Moving to next portion of syntax, which lets you controls histogram creation and its type.
Size clause has different options as given below:
You can specify number of buckets. It must be in range of 1 to 254. 1 denotes no histogram with base column statistics (i.e. minimal information required for the Optimizer) while 254 is highest allowable value.
Oracle Histogram is very nice feature to help CBO to make right decision while constructing execution plan. But many of DBA’s do not use it, assuming it is complex concept to use. In next few posts, I will try to simplify it, so that we can achieve maximum benefit from it.
What it Histogram & what is its purpose:
A histogram is a special type of column statistic that provides more detailed information about the data distribution in a table column. In simple words, it is a feature in CBO and it helps optimizer to determine how data are distributed/skewed within column. Predicates with skewed data are good candidates for histogram creation.
Basically CBO assumes uniform data distribution of data inside column across the distinct values. For the columns that contain skewed data, histogram helps to generate more accurate execution plans.
Below example will explain you significance of histograms:
I have a table ADI.SALES_ORDER with 100000rows with index SALES_ORDER_N1 on column GENERATED.
GENERATEDcolumn has 4 distinct values: A, B, Y, N. CBO will assume uniform data distribution across these values. So any query with column GENERATED as predicate will go for FTS, as CBO will assume it has to select 25% data from table.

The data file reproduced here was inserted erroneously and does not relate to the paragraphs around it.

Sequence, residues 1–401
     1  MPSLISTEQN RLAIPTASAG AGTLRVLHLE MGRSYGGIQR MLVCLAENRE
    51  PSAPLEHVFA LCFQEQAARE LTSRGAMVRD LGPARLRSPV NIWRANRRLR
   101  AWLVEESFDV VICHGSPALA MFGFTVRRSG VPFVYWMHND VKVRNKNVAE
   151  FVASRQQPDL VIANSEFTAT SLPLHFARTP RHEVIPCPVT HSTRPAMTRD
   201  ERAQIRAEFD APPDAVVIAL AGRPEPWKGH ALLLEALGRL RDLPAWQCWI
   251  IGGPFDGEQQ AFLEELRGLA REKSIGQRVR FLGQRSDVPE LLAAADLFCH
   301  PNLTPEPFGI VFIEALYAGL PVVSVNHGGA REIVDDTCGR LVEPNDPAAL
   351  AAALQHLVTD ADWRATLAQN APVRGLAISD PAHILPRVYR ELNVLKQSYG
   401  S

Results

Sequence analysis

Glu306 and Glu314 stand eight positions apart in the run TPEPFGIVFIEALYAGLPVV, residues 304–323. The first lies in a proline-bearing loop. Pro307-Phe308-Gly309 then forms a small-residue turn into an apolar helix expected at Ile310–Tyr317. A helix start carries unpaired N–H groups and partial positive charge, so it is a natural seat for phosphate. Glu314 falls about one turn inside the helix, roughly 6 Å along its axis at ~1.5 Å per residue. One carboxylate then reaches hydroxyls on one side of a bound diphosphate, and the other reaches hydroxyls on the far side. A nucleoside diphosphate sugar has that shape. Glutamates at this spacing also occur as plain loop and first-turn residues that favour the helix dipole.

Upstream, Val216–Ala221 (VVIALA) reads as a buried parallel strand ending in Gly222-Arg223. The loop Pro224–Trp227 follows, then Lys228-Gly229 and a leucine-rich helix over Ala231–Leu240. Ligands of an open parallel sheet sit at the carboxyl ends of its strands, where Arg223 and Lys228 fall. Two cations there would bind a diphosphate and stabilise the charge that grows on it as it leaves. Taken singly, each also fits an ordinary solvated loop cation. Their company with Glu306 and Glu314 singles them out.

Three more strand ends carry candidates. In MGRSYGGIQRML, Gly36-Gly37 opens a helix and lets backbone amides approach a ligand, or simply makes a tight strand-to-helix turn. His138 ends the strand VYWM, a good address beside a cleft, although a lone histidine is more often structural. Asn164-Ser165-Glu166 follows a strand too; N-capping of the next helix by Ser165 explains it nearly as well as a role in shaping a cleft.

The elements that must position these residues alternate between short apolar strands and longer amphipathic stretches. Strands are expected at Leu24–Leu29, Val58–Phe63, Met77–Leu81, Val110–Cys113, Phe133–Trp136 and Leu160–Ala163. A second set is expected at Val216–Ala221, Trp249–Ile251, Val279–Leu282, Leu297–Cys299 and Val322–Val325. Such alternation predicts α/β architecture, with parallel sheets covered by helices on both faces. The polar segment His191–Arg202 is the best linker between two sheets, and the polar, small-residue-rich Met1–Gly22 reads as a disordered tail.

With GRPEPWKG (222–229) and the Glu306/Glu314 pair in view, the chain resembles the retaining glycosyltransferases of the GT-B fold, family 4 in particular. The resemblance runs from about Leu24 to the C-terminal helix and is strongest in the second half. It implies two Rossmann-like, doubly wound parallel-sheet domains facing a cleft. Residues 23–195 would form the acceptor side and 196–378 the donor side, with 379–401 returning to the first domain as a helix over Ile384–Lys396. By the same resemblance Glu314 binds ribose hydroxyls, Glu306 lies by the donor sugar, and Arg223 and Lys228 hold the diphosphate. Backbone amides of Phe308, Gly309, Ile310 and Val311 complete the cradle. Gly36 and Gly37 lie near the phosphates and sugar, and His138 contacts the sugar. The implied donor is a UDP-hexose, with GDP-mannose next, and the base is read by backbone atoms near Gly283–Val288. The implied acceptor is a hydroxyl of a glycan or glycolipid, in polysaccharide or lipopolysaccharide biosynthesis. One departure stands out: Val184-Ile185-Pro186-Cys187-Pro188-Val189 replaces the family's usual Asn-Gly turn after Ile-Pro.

But in reality data under column generated in skewed as given below:
I gathered fresh statistics without histogram on table as shown below:
Now will compare execution plan with different values for predicate:
As expected this query is going for FTS, as it has to select approx. 80% of data.
But I will expect query to pick index in case of GENERATED=’N’ as it will just select less than 1% of rows from table.
But NO its still going for FTS 😦 & it is due to CBO’s default behavior.
Now here Histogram should come into picture:
Now I will once again compare plans:
As expected following query is going for FTS, as it has to select approx. 80% of data.
But following query has picked up index due to creation of histogram. 🙂
In this post, we focused on what is histogram & why it is used.
Recently I was performing database reorg operation on one of pre-prod environment with traditional way of table/lob movement followed by index rebuild. After moving all segments from current tablespace to new, I was ready to drop original one.
SQL> select count(0) from dba_segments where tablespace_name='MY_TABLESPACE';
And it errored out!!!
SQL> DROP TABLESPACE MY_TABLESPACE INCLUDING CONTENTS AND DATAFILES;
DROP TABLESPACE MY_TABLESPACE INCLUDING CONTENTS AND DATAFILES
*ERROR at line 1:
ORA-14404: partitioned table contains partitions in a different tablespace
As first step, I tried purging dba_recyclebin, but it didn’t help.
1. An attempt was made to drop a tablespace which contains tables whose partitions or subpartitions are not completely contained in this tablespace.
2. This can happen due to deferred segment creation introduced in 11.2.
First cause was matching my case: